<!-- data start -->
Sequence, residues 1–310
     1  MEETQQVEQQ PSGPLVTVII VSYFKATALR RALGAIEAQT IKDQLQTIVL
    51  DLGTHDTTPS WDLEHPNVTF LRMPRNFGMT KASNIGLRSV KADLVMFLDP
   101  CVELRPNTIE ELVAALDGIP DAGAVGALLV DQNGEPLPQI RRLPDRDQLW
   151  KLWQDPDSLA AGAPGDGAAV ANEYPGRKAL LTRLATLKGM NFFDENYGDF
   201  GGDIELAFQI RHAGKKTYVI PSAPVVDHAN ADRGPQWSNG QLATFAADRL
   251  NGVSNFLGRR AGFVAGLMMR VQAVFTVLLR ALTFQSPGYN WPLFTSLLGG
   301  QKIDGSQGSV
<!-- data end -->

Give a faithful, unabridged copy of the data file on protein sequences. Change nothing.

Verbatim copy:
Sequence, residues 1–310
     1  MEETQQVEQQ PSGPLVTVII VSYFKATALR RALGAIEAQT IKDQLQTIVL
    51  DLGTHDTTPS WDLEHPNVTF LRMPRNFGMT KASNIGLRSV KADLVMFLDP
   101  CVELRPNTIE ELVAALDGIP DAGAVGALLV DQNGEPLPQI RRLPDRDQLW
   151  KLWQDPDSLA AGAPGDGAAV ANEYPGRKAL LTRLATLKGM NFFDENYGDF
   201  GGDIELAFQI RHAGKKTYVI PSAPVVDHAN ADRGPQWSNG QLATFAADRL
   251  NGVSNFLGRR AGFVAGLMMR VQAVFTVLLR ALTFQSPGYN WPLFTSLLGG
   301  QKIDGSQGSV